Israeli Defense Minister Moshe Yaalon on Saturday announced that Maj.-Gen. Gadi Eisenkot will become the Israeli army's new chief of staff when current army chief General Benny Gantz steps down on February 15.
Eisenkot has spent the past four years serving as Gantz's deputy. Despite having never served in an elite unit like most of his predecessors, and having never won any top commendations, Eisenkot was seen far and wide as the obvious and proper choice.
Eisenkot was praised by the Israeli press and by politicians from across the political spectrum as one of Israel's most level-headed officers.
The general has made surprisingly few enemies while climbing the army ladder, and set himself apart during the Second Lebanon War in 2006 as an officer who can keep his cool in a tense situation.
When Hezbollah killed eight Israeli soldiers necessitating a strong response, Eisenkot openly disagreed with then-IDF Chief of Staff Gen. Dan Halutz's more aggressive and unprepared approach. Despite not seeing eye-to-eye, Eisenkot was able to remain on good terms with Halutz, which enabled him to continue to effectively execute his post.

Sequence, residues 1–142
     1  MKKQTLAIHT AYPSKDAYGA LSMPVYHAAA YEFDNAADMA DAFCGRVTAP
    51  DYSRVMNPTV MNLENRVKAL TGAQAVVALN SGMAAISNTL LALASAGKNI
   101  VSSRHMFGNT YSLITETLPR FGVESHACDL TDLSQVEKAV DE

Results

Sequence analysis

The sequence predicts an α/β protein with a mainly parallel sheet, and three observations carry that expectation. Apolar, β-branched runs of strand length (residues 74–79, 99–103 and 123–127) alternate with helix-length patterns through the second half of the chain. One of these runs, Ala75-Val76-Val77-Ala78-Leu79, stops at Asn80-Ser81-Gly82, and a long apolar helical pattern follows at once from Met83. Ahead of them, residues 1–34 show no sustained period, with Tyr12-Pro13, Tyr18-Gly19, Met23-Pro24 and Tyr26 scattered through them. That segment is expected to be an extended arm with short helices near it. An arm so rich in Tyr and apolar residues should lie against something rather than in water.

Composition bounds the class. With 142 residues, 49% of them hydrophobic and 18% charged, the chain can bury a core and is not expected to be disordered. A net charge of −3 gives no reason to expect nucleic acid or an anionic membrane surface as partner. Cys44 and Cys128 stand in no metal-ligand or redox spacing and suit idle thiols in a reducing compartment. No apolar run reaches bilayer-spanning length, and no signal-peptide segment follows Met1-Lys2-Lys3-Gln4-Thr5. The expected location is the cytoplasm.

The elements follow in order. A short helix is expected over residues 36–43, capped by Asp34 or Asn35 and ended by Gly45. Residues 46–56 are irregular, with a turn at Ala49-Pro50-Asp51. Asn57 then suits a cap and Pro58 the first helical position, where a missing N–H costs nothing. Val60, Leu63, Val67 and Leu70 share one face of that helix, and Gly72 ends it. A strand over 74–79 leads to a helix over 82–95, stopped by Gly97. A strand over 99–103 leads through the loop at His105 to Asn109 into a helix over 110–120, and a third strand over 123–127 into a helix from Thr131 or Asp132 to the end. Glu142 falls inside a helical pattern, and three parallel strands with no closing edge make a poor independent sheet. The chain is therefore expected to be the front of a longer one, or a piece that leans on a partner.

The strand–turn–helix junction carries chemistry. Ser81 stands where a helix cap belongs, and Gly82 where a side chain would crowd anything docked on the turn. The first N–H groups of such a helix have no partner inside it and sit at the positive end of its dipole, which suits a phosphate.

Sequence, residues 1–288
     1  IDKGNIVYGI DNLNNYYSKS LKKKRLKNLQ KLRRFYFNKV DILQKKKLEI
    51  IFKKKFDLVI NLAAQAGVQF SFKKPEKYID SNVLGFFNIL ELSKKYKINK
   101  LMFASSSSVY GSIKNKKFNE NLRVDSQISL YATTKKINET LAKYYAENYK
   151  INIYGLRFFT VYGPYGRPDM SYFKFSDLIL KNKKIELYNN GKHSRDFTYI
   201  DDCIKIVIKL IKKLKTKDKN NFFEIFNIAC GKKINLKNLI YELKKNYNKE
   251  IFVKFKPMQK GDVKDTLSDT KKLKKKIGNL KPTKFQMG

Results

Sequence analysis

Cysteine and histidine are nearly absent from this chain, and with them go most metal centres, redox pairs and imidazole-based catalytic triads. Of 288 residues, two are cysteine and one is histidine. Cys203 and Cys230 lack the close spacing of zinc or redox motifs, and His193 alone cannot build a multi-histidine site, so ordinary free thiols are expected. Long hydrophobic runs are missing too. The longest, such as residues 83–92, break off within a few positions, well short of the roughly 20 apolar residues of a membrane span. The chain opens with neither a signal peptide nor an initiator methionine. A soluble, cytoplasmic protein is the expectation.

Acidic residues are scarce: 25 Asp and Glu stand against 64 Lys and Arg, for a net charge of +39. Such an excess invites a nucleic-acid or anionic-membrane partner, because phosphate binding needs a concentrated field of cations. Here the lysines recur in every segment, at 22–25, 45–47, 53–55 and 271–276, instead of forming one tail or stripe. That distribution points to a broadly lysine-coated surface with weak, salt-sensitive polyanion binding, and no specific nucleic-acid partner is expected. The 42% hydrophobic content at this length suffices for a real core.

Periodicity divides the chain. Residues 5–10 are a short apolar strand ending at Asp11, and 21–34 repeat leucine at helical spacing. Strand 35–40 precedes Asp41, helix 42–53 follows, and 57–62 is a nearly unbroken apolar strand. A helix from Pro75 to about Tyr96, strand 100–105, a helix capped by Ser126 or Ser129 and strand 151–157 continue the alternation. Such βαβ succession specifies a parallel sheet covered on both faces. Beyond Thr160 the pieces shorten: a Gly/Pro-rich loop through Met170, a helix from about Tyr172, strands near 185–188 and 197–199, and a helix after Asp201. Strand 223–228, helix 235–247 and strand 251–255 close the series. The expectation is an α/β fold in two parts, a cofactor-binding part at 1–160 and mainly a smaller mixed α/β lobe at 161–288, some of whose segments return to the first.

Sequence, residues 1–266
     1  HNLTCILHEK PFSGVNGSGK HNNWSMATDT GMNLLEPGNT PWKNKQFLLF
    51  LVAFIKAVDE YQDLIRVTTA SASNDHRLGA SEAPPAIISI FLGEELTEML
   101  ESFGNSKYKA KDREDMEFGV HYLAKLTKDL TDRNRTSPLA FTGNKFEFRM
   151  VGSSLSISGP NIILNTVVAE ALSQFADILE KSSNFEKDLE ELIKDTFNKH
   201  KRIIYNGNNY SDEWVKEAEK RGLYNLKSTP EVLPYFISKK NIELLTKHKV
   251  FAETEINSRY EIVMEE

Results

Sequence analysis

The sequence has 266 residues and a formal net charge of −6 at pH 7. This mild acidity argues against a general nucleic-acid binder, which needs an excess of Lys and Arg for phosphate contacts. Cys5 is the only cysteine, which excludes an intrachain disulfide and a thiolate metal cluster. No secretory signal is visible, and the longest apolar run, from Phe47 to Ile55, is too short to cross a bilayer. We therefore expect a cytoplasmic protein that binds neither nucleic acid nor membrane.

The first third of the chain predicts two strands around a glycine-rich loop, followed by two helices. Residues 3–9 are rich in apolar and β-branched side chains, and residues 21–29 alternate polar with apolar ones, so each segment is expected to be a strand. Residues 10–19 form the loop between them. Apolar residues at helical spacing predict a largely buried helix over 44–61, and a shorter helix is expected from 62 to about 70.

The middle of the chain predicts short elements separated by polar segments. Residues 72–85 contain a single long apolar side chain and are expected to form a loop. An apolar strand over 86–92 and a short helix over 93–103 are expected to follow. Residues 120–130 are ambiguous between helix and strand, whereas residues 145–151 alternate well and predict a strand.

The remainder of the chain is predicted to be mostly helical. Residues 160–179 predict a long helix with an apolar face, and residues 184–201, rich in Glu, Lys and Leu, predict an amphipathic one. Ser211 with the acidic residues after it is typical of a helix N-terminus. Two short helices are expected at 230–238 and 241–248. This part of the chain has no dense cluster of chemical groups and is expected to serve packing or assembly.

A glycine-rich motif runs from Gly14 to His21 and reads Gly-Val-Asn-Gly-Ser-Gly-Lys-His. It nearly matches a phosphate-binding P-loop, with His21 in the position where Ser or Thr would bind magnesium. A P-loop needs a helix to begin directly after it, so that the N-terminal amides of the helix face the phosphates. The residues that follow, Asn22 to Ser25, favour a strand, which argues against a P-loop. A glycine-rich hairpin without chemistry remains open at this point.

Five years later, then-Defense Minister Ehud Barak wanted to name Eisenkot as the new IDF chief of staff, but the general turned down the appointment, noting that Gantz was a more senior officer and would be the right choice at that time.
Eisenkot is seen as a safe and stabilizing choice for army chief, as well as being a skilled strategist.
Eisenkot's appointment was also interesting given his disagreement with Prime Minister Benjamin Netanyahu and Yaalon over their approach to the Iran nuclear crisis. The general has on several occasions stated that Israel should not resort to military action unless and until Iran poses a clear and immediate existential threat to the Jewish state. Netanyahu has argued that by such a time, it could be too late to save Israel.